If you want my advice, don’t forget about coaching when you’re asked for advice!!
I set up a meeting recently to ask someone I know well (but hadn’t seen for a while) for some advice about an area I want to work on and improve as I felt they could help. It didn’t go well.
No sooner was the area I was keen to discuss out of my mouth, they were straight in with advice about what I should do. I had planned to share more about what I was currently doing but because I used the phrase, “I’m keen to get your advice..”, they were off and running and spent the rest of the meeting offering ideas I was either already using or had dismissed as not suitable. It was a very frustrating meeting for me but as they were so keen to try and help, I didn’t share this with them ☹ (top tip – if you want someone to be honest about how useful your help was, DON’T say, “I hope that was useful for you?”. Being honest with feedback is hard enough without ‘hope-dashing’ being added into the mix!).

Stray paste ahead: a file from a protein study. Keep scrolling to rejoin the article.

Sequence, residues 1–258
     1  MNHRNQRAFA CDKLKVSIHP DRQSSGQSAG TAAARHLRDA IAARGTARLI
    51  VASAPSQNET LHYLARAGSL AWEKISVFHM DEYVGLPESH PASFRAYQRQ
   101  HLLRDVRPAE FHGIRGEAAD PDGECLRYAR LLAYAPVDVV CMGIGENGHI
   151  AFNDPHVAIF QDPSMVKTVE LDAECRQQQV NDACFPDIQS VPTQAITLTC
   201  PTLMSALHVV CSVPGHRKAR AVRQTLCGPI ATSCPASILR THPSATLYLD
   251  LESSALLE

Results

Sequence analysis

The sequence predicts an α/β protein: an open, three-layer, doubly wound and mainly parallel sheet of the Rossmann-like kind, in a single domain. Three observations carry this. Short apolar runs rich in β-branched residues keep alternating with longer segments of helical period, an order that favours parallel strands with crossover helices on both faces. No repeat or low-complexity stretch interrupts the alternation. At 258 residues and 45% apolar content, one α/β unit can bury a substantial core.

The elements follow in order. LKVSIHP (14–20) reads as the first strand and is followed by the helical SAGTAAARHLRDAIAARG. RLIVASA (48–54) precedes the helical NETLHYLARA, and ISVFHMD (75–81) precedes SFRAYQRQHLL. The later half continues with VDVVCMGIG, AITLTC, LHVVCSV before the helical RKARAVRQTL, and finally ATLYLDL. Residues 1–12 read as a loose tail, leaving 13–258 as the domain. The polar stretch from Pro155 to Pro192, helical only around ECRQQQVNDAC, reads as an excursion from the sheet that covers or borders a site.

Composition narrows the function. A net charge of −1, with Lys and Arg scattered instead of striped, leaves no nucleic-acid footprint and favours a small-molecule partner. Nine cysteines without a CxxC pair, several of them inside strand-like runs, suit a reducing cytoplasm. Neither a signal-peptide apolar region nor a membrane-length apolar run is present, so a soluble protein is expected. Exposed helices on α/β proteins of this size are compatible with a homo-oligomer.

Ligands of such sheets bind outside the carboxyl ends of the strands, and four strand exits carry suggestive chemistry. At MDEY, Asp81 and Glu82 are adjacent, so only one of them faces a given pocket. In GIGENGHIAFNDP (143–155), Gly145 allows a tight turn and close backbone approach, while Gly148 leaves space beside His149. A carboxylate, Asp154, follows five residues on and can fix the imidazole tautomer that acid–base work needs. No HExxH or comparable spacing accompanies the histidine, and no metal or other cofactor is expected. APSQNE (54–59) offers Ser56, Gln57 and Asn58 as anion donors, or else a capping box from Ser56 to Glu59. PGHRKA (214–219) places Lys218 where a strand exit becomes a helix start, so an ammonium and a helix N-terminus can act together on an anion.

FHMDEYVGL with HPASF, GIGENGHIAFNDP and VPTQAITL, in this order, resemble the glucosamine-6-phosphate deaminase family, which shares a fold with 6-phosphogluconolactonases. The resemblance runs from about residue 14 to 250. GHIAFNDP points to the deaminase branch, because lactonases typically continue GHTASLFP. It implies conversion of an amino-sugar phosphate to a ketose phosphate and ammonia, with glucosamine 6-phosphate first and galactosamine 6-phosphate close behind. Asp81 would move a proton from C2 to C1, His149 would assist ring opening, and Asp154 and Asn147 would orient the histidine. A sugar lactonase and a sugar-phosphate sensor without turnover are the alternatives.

The temptation when you’re asked for advice is to just give advice. Rather than take a little bit of time to understand the issue in more detail. It feels good that people value your opinion, but this does add a bit of pressure to the conversation (I try not to use the word advice for this reason) – “what will they think if I can’t help them?” – so you can end up trying too hard to help.
What would I do if our roles were reversed? This is where an understanding of coaching comes in handy. I would ask questions to identify the SPECIFIC areas where help is needed which will also reduce any, ‘I hope I can help’ pressure. With a specific area to work with, I can work out quickly if I can help them or not. And even if I can’t, but I know someone else who can, that’s still very useful ‘advice’!
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I don’t know if you’re aware of this but there’s a lot of research that shows that in the ‘modern’ workplace, people want to FEEL ‘connected’. To be part of something. If you think about motivation this makes sense.